Next, slowly and carefully cut the curds into to fine corn kernal size pieces (1/4 inch or less). A flat ladle or whisk with thin wires can be used to gently cut the curds for this step. Again, please remember these curds are very soft and should be handled carefully.
After being cut, slowly stir the curds for about 5-10 minutes, until the curds show a firmness and up to 20-30 minutes if you would like a longer aged cheese. The longer storing time will create a drier finished cheese.
Once done, allow the cut curds to rest with no stirring for 5-10 minutes.
Remove the whey, with a ladle, down to the curd surface. To avoid scooping up fragile curds, along with the whey, float a basket cheese mold in the whey and only ladle from inside the basket.
Next, transfer the curds into the basket cheese mold. At this point the curds will still be very wet, and a proper draining is important. Use medium hand pressure to consolidate the curds into the mold as you go, but do not press so hard that the curds push through the sides.
Leave the warm curds to drain for 4 hours at an ambient temperature of 80-85F.
An ambient temperature can be achieved by covering the molds with thick towels, or by placing them into an insulated cooler with some warm water bottles. While draining leave room for the whey to drain from the bottom of the cheese molds.
Note: If the curd is slow to drain during this time, it will help to free up the openings in the basket mold. To do this, simply pick up the mold and tilt it at a 45 degree angle so the curd pulls away from the side. Then rotate the mold at that same angle to gently release the curds all the way around. Repeat every 20-30 minutes.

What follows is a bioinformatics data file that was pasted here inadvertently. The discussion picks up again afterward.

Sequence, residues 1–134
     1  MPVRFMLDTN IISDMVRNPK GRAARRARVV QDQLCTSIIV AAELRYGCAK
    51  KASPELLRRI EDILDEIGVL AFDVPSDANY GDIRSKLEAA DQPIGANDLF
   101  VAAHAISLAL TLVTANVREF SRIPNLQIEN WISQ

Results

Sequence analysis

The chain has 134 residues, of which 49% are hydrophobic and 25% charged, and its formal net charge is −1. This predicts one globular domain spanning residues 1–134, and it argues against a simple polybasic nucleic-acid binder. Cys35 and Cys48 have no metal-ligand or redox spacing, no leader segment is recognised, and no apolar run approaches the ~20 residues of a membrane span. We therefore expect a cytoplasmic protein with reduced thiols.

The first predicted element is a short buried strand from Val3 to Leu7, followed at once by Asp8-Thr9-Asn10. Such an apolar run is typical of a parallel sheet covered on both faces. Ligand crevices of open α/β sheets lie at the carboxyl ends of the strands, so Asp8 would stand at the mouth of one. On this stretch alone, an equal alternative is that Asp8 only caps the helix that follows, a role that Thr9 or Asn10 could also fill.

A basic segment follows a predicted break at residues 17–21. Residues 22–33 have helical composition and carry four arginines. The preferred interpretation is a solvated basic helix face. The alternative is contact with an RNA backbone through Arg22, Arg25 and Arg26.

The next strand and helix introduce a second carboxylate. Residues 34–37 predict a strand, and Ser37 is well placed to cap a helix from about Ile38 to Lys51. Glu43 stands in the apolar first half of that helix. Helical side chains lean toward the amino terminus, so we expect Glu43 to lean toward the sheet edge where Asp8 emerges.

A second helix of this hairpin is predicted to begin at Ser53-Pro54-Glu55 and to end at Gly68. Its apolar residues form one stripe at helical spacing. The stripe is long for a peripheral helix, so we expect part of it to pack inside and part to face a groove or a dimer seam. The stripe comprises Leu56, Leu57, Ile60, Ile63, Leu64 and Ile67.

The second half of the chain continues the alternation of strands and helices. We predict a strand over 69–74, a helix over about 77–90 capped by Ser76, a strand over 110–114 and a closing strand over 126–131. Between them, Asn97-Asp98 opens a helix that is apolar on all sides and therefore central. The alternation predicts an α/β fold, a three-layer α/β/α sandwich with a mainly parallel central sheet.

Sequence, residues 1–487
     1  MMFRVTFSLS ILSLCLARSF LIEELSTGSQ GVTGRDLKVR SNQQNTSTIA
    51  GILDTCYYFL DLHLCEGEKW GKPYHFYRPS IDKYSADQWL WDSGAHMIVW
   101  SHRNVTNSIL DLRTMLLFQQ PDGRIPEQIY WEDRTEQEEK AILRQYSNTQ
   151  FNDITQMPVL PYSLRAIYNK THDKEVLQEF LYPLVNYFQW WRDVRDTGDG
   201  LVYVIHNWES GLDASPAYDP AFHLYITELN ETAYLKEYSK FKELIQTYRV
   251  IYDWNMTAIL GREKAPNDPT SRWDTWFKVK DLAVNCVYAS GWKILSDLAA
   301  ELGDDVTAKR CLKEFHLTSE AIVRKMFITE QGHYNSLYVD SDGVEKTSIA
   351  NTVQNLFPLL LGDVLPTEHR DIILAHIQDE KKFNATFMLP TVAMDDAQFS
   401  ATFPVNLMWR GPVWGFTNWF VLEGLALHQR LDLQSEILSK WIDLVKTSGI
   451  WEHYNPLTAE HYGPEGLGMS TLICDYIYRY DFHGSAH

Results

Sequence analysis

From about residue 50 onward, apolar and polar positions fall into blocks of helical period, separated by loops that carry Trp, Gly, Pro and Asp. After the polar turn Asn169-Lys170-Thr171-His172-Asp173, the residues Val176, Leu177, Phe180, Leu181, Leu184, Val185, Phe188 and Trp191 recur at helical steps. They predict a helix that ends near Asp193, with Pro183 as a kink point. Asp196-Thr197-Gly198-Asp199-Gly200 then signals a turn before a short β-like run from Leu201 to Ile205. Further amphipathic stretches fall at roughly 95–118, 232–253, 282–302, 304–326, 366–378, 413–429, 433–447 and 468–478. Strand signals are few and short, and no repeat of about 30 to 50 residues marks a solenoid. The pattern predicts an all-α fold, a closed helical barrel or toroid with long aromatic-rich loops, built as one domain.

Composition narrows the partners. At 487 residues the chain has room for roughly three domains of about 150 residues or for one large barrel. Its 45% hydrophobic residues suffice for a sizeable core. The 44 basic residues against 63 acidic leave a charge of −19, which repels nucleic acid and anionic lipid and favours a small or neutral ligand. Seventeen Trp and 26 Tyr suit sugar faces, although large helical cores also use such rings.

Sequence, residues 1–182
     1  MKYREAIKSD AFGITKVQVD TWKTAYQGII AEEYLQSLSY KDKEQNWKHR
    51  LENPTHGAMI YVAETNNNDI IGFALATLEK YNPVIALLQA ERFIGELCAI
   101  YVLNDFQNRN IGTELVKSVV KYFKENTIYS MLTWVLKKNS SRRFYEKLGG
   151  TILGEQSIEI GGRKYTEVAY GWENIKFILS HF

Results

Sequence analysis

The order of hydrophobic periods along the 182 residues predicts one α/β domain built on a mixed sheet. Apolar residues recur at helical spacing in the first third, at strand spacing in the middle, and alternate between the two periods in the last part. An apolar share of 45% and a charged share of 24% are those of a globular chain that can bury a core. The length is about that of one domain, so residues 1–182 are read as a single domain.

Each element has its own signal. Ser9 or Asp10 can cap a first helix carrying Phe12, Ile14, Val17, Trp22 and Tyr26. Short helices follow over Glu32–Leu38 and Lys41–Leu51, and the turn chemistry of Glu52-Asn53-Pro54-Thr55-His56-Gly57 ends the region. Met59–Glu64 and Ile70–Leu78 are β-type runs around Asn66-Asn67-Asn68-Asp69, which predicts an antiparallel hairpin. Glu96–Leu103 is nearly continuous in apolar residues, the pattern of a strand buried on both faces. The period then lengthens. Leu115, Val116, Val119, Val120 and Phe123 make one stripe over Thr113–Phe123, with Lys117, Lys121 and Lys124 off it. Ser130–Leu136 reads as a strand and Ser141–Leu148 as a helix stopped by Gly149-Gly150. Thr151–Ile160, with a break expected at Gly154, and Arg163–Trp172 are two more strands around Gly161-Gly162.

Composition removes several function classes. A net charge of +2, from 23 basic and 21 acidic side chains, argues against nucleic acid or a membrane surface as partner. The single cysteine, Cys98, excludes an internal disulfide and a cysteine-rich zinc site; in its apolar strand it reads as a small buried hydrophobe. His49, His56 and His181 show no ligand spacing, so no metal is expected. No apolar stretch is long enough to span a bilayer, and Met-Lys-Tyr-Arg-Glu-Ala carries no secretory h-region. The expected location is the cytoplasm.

After 4 hours, the cheese should have dropped to room temperature.
Check that the curd is firm enough to handle, and turn it over in the basket. If it is still too soft, wait longer.
After turning, remove the cheese from the warmer location and let it rest, still in the cheese mold, at room temperature for an additional 30 minutes. Some whey will still be releasing.
The cheese at this point still needs some time to stabilize and organize itself.
Place it, still in the cheese mold, in the fridge at 36-42F, with a folded towel or absorbent board under it to catch any whey.
Turn the cheese in the basket every morning and night for the next 4-5 days.
By now the cacioricotta should be ready to eat, but the flavor will benefit from a light surface salting with about 1/4-1/2 tsp salt per side. This is still quite a moist cheese, so it will only have a week or two of fridge life.
Note: Depending on the quality of milk used and final moisture content the final cheese should weigh about 12-18 ounces.
If you would like to continue aging your cheese so it becomes drier has more character and can be grated, perform a final surface salting over 2-3 days. Salt according to taste, but remember, the more salt, the drier the cheese.
Allow the salt to form a brine and soak into the cheese then dry it off.
The cacioricotta can now be held for 4-8 months and be used as a grating cheese, when ready. Make sure to turn the cheese every couple of days and brush off any mold as it appears.
Interesting recipe, nice fresh cheese, overly salty
Living in Puglia I have watched neighbours make this cheese, so really appreciated reading the recipe with notes about some of the science. The method was also accurate to what I have seen, and following the recipe it came together well. Yes, the curds are fragile!! My only criticism is that the amount of salt added to the milk seems very high. Makes a very salty cheese even before adding more to the surface. I would suggest going with half the recommended amount.
Could not believe it!
Getting up to and holding the temperature was difficult but I followed the recommendation meticulously and it has worked out stunningly good. At three weeks the cheese is "crisp" firm, salty, fresh, firm and tasty. Love it, will make it again.